Perhaps the most popular filming location, Croatia has stood in for King’s Landing and Daenerys-related locations since Season 2. Tourism in Croatia has boomed since the series first filmed there. Now, you can take a Game of Thrones tour alongside a number of local historical and cultural experiences.
Strolling the old city is like taking a walk through King’s landing. You’ll find backdrops for the Battle of Blackwater, tournaments, waking shots, and markets. The main street between Cathedral and Sponza Palace featured heavily. The Minčeta Tower was used as The House of Undying in Qarth. You’ll also recognize the Jesuit Steps in the Gundulic Square from Cersei’s Walk of Penzance. Twenty minutes north of Dubrovnik, you can visit the Trsteno Arboretum, doubling as the King’s Landing gardens where Olenna Tyrell held court.
Head to Fortress Klis and hike where Khaleesi nailed Mereen’s former rulers and slavers to wooden crosses on a fortified walkway. Other nearby filming locations include Trogir and Kastel Gomilica.
Game of Thrones has turned to Spain for many of its hot and exotic locations since Season 6. While you’ll find traces of Westeros in Barcelona, Valencia, Andalusia, and the Alhamila Mountains, these are the Spanish Game of Thrones tour destinations you absolutely cannot miss.
This Spanish city is home of Real Alcázar of Seville, a lavish royal palace used for establishing scenes of Dorne. You might recall wishing to holiday at the Martell’s summer home, the Water Palace of Sunspear. Well, you can visit the real-life equivalent but summer may not be the best time—it is one of Seville’s largest attractions. Other nearby locations include the Seville Stockyards and Plaza de Toros, the bullring in Osuna used as the fighting pit of Mereen. You may also want to check out the old ruins of Italica, a Roman amphitheater used as Season 7’s dragon pit and scheduled to reappear in Season 8.
Walk in Tyrion and Varys’ footsteps by crossing the Long Bridge of Volantis. The real-life version is a Roman bridge in Cordoba, built in the 1st century BCE.
Two hours from Madrid, you’ll find the stuff of Bran’s visions. The Castle of Zafra appeared as the Tower of Joy, outside which young Ned Stark battled Ser Arthur Dayne and his Targaryen henchmen relating to key scenes about Jon Snow’s parentage. The 12th century Castle of Zafra stands alone on an outcrop 1,400 metres tall.
Visit Sant Pere Galligants, the 11th-century monastery that stood in for the Maester’s citadel that Samwell, Gilly, and Sam Jr. journeyed to. Nearby is Plaza del Jurats, where Arya watched a troupe of actors play out the conflict between the Starks and Lannisters. Many of the street and market scenes of Braavos were also filmed in Girona. Visiting the Pujada Sant Domenec, Banys Arabes (Arabic Baths), and surrounding streets will reveal sites used for Season 6 scenes featuring Arya and The Waif. Along Via Augusta, you can walk beneath the very archway that Jaime Lannister and his troops marched through to stop Margery’s atonement at the Sept of Baelor. From there, you’ll see the impressive Cathedral of Saint Mary of Girona, which doubled as the Sept itself.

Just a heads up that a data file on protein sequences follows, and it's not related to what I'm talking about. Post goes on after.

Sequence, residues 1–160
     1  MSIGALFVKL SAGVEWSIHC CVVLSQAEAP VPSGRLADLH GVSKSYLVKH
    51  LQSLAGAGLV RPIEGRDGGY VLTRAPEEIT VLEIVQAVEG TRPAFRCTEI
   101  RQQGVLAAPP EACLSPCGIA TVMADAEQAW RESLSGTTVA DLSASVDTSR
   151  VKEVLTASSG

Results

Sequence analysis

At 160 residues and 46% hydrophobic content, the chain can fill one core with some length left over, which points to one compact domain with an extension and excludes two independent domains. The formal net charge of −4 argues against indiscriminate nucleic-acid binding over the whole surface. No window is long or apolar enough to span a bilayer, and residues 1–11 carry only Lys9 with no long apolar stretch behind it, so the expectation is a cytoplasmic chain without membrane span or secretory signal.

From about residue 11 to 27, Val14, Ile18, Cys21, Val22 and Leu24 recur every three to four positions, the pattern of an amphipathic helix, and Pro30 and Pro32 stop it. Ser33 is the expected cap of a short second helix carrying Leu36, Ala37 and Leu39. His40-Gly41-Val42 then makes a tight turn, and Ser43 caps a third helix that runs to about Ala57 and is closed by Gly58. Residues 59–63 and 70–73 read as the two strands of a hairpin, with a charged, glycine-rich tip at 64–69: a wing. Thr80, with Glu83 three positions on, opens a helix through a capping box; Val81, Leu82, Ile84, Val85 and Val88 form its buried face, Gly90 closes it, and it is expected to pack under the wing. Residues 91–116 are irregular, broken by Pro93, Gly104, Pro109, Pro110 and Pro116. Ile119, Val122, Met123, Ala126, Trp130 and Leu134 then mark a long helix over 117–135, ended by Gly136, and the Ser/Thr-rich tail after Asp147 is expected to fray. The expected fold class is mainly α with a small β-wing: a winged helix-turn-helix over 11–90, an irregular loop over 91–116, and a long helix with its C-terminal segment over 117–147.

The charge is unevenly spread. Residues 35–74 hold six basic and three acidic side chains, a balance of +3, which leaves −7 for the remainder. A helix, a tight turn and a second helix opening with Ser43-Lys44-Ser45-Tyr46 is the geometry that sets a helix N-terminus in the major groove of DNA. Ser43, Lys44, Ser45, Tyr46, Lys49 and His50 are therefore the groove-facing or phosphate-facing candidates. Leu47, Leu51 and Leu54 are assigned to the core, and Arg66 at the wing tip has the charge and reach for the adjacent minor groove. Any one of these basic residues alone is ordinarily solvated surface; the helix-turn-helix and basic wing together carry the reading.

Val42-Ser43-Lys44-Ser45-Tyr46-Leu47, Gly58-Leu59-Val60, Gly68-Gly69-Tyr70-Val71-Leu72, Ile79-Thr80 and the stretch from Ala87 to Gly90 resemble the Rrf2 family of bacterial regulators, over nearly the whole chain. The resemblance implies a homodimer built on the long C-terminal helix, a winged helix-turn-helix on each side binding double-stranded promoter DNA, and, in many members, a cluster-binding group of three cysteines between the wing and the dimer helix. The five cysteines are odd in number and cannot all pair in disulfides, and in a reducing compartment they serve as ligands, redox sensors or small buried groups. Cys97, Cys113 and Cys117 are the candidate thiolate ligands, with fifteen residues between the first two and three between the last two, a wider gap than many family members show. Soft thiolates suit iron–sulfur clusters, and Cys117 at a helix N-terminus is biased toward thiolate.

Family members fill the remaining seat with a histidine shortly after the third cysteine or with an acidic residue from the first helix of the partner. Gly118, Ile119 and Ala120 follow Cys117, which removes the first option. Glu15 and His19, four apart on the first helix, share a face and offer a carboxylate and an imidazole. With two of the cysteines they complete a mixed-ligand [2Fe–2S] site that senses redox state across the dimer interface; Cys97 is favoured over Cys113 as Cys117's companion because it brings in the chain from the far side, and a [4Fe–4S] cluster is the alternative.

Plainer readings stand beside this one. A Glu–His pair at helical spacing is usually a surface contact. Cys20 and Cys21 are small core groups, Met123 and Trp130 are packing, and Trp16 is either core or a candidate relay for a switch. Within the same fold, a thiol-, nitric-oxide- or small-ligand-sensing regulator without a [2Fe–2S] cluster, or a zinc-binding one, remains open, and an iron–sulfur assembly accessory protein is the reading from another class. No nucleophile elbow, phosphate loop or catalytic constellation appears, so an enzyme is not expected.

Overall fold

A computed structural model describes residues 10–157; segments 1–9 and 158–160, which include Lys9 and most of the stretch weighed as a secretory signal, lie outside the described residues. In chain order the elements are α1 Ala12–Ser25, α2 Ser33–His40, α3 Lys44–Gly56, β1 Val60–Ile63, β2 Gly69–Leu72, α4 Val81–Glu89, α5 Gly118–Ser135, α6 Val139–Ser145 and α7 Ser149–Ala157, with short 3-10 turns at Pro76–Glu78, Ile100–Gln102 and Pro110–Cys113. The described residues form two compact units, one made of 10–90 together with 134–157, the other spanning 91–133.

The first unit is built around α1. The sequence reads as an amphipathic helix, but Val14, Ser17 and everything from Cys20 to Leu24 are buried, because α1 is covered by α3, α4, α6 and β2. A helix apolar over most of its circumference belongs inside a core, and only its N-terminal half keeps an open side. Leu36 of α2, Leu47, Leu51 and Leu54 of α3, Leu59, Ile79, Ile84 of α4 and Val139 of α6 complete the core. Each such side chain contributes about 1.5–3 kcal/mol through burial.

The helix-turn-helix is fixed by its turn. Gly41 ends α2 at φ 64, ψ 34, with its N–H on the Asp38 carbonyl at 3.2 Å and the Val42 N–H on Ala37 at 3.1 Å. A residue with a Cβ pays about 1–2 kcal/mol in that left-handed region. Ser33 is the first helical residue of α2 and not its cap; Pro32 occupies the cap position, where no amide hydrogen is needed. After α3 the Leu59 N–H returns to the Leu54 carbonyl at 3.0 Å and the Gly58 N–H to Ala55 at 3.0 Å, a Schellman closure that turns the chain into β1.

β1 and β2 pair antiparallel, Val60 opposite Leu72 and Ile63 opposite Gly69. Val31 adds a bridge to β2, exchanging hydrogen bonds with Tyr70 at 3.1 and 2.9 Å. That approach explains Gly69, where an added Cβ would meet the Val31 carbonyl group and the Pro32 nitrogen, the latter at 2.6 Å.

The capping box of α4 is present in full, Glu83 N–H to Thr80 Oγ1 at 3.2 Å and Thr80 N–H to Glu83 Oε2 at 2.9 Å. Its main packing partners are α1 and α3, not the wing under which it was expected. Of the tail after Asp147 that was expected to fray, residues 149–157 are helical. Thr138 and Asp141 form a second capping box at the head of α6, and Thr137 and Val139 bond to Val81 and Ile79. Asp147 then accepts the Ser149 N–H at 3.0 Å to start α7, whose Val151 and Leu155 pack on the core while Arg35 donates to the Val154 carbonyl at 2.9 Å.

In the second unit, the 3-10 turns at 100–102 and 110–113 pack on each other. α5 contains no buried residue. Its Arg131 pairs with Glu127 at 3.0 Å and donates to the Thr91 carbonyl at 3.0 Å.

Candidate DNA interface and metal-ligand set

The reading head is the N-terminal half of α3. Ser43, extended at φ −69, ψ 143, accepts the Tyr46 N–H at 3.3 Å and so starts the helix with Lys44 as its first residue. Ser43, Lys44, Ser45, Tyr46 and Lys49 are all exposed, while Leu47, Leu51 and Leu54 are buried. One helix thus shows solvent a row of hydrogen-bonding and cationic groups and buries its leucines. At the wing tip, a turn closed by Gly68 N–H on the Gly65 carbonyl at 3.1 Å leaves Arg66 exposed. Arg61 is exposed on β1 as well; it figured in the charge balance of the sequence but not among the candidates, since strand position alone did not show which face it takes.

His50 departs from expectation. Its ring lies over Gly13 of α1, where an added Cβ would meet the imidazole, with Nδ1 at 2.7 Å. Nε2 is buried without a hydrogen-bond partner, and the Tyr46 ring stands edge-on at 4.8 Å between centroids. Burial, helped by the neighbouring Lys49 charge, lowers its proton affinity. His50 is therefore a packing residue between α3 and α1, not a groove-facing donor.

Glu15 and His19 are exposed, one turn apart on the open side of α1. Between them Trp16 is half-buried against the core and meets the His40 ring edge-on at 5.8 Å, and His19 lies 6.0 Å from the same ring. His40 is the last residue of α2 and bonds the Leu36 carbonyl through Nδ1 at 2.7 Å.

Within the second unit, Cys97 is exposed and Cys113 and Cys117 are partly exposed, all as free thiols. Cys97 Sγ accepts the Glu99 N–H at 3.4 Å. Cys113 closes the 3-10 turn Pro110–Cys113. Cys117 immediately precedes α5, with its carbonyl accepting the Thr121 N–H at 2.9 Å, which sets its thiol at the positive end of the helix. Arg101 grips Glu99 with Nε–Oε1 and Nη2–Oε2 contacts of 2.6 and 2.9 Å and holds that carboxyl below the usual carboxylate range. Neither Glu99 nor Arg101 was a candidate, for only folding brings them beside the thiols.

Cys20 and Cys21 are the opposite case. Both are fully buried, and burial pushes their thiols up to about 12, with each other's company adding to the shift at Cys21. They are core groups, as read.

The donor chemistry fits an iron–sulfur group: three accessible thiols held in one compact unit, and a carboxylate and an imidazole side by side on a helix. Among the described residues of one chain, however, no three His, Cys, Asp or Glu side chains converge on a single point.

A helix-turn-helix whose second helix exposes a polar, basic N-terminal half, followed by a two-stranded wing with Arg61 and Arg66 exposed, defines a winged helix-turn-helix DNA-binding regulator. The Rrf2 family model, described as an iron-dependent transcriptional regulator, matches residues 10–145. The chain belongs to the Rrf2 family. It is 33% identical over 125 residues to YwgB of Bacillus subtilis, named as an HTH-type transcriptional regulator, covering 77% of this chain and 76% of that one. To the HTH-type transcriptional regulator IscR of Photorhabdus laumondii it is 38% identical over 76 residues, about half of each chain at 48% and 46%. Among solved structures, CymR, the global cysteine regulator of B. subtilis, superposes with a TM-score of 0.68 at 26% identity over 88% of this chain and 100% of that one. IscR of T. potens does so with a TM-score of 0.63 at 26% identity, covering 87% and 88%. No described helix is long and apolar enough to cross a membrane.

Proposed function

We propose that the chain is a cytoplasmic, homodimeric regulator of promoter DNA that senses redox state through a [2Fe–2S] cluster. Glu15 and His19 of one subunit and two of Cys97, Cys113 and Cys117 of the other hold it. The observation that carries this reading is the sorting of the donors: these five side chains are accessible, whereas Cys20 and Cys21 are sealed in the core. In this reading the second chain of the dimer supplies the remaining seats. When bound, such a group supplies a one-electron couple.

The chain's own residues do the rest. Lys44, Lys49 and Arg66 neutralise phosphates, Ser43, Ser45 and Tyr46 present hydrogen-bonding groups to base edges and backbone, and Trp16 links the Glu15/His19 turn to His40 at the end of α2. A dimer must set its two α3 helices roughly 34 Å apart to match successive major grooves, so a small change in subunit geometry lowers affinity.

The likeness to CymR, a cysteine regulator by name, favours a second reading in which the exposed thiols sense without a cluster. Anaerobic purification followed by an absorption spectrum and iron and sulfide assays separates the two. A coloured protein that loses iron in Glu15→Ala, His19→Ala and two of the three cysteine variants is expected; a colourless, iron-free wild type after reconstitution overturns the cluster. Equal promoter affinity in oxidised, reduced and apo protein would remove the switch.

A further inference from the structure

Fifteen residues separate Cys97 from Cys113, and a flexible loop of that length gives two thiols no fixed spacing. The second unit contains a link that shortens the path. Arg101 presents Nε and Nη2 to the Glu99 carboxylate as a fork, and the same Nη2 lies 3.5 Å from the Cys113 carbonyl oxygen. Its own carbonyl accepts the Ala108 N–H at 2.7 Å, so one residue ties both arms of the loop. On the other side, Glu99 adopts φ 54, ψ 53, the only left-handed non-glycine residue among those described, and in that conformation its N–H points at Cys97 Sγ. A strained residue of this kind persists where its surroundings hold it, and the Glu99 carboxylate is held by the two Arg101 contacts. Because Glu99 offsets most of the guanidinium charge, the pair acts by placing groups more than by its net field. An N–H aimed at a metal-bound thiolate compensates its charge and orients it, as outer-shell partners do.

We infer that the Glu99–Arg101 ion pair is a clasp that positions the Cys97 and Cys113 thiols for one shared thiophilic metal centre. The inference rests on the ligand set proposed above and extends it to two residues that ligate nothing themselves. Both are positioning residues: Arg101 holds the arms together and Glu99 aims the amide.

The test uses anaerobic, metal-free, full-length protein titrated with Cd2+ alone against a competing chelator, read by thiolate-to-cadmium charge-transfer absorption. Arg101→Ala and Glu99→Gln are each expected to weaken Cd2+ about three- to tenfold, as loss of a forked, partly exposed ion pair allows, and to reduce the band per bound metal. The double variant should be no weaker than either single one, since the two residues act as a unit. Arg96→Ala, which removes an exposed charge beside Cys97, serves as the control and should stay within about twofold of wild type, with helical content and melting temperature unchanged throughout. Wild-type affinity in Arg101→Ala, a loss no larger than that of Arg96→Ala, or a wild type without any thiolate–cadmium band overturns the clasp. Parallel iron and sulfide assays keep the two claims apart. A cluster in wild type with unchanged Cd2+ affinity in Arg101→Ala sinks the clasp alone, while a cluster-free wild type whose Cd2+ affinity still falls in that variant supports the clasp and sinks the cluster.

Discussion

San Juan de Gaztelugatxe
Cross the man-made bridge that doubles as Dragonstone. This Basque heritage site started drawing some 2,500 tourists per day after the latest season of Thrones. While the modest church was replaced with a CGI castle, you can scale the winding steps where Jon, Dany, and Tyrion discussed those pesky White Walkers (image featured in article header).
When Daenerys returned to the shores of Westeros in Season 7, she arrives on the rocky beaches of Dragonstone. In real life, Dragonstone is Itzurun, located near the Spanish seaside town of Zumaia. If you’re feeling adventurous, you can reach this stretch of coast by walking the Flysch Route, an established walking trail.
This natural park is a Unesco Biosphere reserve in the Navarre region. The Spanish badlands, a vast and largely deserted landscape comprised of sandstone canyons, appeared as the Dothraki Sea. The town of Tudela is a convenient jumping off point for visiting the many filming locations in this stunning region. When visiting nature sites, don’t forget to pack out what you pack in.
Setting foot in Westeros makes for a pretty epic holiday, but the reality is that Game of Thrones’ wild popularity has put many little-known locations on the tourist map. Flooding cities, natural places, and heritage sites with a sudden influx of visitors can place great strain on them. As you plan your Game of Thrones tour, consider visiting in the shoulder season to avoid crowds. It not only makes getting that ‘gram easier but also helps preserve these iconic destinations for the next generation of GoT fans.